International Hummus Day: Celebrating the Chickpea

The casual foodie might know a few fun facts about the chickpea. It’s a core ingredient in hummus, yes. It’s stuffed with protein, healthy fibers, vitamins and antioxidants, sure. It’s a versatile, nutritious ingredient that can be incorporated into many different meals throughout the week, absolutely! But how well do we really know one of the world’s favorite pulses?

Lining supermarket cold aisles in a variety of flavors, hummus can be a great introduction to the world of this versatile crop, which spreads across continents and cuisines and has fed farmers and their communities for centuries. Yes, today is all about your favorite creamy, savory spread. But it’s actually the history, uses and diversity of chickpea that makes International Hummus Day all the more special.

Chickpea is a staggeringly ancient crop. Evidence suggests it was first cultivated over 10,000 years ago in that earliest cradle of agriculture, the Fertile Crescent. It was a favorite in Ancient Greece and Rome, where the famous orator, Cicero, reportedly took his moniker from the popular crop. The Latin word for chickpea survives in its modern scientific name, Cicer arietinum. Over the centuries, the chickpea has gone global, picking up new names, such as garbanzo, ceci, gram and chana.

No matter its name, chefs have come up with myriad ways to use the chickpea. Hummus has been one of the Middle East’s favorite spreads for centuries and is now a go-to snack around the world. Folded in pita bread and often accompanied by salad, chickpeas are also the foundation of most falafel recipes, one of the Mediterranean region’s favorite vegetarian protein dishes. For vegetarians and foodies alike, these examples may come as no surprise. But did you know that the chickpea has also been used as a decaffeinated coffee substitute since at least the 18th century?

The chickpea is not a major export crop on the world agricultural market, but it is extremely important to local trade in numerous regions throughout the drier tropics and sub-tropics. In these challenging climates, the deep-rooted chickpea is more drought- and pest-resistant, and higher-yielding, than many other local crops. In many communities from South Asia to the Mediterranean and, more recently, into sub-Saharan Africa, the chickpea underpins food security. Over 95% of the area, production and consumption of chickpea is located in developing countries.

Like many of our crops, however, it faces an uncertain future.

The chickpea is not immune to climatic stresses such as rising temperatures and increasingly unpredictable weather. Over 10,000 years, much of the original diversity of the chickpea and its wild relatives has been lost. While it is better suited than many crops to handle a changing climate, scientists cannot address future challenges unless they have access to as much diversity as possible.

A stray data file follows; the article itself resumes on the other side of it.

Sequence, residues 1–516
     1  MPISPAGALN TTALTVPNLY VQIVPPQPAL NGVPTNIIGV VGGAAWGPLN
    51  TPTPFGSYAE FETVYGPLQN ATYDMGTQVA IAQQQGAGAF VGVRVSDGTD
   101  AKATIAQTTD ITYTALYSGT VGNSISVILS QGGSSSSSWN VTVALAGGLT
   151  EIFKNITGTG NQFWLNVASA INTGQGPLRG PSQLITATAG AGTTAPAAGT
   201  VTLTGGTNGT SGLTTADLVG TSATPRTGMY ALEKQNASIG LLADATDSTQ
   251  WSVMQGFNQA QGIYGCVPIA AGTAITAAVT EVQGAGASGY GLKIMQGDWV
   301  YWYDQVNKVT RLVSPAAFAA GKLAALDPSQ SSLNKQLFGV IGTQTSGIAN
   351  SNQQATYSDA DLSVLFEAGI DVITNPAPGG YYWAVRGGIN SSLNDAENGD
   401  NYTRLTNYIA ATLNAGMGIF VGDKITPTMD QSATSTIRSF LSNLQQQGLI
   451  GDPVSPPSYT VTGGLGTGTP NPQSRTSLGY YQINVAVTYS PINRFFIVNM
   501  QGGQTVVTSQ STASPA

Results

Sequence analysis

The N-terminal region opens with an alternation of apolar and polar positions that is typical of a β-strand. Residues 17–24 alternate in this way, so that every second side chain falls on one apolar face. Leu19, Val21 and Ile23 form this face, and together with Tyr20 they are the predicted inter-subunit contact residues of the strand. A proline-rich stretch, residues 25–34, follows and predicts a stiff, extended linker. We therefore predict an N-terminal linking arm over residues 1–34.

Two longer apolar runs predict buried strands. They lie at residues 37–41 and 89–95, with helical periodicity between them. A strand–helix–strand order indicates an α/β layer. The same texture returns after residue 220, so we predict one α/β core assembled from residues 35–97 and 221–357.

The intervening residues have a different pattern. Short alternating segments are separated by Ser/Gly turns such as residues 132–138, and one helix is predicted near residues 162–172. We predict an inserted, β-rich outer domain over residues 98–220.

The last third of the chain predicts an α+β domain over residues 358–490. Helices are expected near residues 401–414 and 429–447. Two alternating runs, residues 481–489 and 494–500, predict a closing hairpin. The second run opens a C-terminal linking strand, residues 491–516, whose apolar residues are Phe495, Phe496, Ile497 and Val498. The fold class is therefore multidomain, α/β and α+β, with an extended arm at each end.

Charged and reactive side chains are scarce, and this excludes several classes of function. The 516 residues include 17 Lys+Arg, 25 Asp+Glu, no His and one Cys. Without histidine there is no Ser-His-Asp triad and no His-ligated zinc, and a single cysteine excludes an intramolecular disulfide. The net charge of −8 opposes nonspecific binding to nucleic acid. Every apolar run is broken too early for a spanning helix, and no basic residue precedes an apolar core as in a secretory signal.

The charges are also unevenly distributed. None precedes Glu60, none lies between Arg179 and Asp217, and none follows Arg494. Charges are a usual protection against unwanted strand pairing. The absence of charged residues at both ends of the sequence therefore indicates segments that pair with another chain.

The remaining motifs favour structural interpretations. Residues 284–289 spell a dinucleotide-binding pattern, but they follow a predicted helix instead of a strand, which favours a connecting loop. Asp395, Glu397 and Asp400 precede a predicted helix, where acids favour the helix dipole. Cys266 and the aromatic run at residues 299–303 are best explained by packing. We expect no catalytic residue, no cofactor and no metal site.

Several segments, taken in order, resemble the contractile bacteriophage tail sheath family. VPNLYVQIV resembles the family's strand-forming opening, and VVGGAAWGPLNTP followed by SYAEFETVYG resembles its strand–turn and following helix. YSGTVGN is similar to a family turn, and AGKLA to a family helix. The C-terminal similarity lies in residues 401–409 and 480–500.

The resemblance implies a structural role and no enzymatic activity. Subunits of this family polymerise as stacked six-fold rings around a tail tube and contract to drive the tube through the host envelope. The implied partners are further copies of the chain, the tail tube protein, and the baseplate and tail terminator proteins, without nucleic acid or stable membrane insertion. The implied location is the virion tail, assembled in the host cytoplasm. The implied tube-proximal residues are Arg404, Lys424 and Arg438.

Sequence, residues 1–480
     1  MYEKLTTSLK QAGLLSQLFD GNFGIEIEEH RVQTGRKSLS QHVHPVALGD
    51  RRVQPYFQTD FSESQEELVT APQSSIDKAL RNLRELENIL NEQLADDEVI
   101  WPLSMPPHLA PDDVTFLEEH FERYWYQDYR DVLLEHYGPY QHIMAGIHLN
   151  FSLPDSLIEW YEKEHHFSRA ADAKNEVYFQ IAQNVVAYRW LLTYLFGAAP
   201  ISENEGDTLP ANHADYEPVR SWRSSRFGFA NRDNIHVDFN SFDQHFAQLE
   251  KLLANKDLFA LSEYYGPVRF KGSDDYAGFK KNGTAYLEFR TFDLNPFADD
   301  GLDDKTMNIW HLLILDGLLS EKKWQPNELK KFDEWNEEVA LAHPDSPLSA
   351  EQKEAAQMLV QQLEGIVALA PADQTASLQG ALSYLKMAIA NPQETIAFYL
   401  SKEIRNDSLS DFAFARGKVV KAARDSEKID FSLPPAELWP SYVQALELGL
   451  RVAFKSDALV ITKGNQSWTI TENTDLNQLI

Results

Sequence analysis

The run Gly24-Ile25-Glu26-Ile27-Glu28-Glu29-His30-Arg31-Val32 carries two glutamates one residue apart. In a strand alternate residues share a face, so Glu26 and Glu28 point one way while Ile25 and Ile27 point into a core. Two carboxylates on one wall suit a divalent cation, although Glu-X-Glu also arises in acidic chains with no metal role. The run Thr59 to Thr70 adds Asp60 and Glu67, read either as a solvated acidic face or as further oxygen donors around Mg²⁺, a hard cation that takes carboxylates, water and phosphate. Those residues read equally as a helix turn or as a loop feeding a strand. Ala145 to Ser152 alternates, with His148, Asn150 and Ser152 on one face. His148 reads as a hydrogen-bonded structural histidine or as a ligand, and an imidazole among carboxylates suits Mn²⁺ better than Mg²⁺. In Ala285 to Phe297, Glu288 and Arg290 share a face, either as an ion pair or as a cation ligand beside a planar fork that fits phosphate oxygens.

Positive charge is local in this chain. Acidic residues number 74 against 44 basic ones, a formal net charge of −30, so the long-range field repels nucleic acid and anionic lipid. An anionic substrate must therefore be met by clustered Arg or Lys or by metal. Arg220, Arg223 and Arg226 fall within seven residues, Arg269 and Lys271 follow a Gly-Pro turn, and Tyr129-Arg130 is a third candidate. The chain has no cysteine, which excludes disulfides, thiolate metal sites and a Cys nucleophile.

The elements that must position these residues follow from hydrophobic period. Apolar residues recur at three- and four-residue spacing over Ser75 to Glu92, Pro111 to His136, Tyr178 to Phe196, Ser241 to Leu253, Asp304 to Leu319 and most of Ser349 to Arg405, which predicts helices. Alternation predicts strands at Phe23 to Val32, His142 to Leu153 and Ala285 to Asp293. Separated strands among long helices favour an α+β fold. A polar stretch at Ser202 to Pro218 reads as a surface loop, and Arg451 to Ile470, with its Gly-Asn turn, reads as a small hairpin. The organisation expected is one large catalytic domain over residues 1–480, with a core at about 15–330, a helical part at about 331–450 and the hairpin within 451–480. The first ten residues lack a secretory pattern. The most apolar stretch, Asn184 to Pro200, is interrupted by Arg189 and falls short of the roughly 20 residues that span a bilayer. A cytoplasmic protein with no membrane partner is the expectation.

And the chickpea’s diversity is genuinely exciting. Each variety reflects the unique cultures and environments where the crop has taken root over the centuries. Much of this diversity is being protected in international genebanks, close to the producers who depend on the crop. Over 20,000 varieties are safeguarded at the International Crops Research Institute for the Semi-Arid Tropics (ICRISAT) in Hyderabad, India. The International Center for Agricultural Research in the Dry Areas (ICARDA), based in Lebanon and in Morocco, holds over 15,000 varieties. National collections in over 30 countries hold 80,000 additional accessions. And over 25,000 seed samples from 19 genebanks are backed up in the Svalbard Global Seed Vault. Without these collections, much of the chickpea’s natural diversity would hang in the balance.

Though hundreds of thousands of varieties of chickpea are safe for future use in genebanks, there is even more diversity out there to tap into. Wild chickpeas, the close cousins of domesticated chickpea varieties, may well hold key traits that will help address the challenges of future climatic stresses. One wild relative, Cicer reticulatum, could hold at least 20 times the genetic diversity of the modern cultivated species. Making use of this diversity through breeding could lead to improved varieties that will find their way into falafel and hummus in the future.

On International Hummus Day, it’s only fitting we enjoy a hefty helping of hummus into which to dip fresh vegetables or pitas. Hummus is indeed a wonderful introduction to the wonder of the chickpea, but why stop there? The Food Forever Initiative can help you celebrate the chickpea by pairing it with unique ingredients that enhance your dinner plate with the wealth of the world’s food diversity. So once you clean out that bowl of hummus, keep celebrating the chickpea with a honeynut squash falafel wrap, by adding chickpeas to Chef Anjula Devi’s panch ratan dal, or even by enjoying a cup of coffee.

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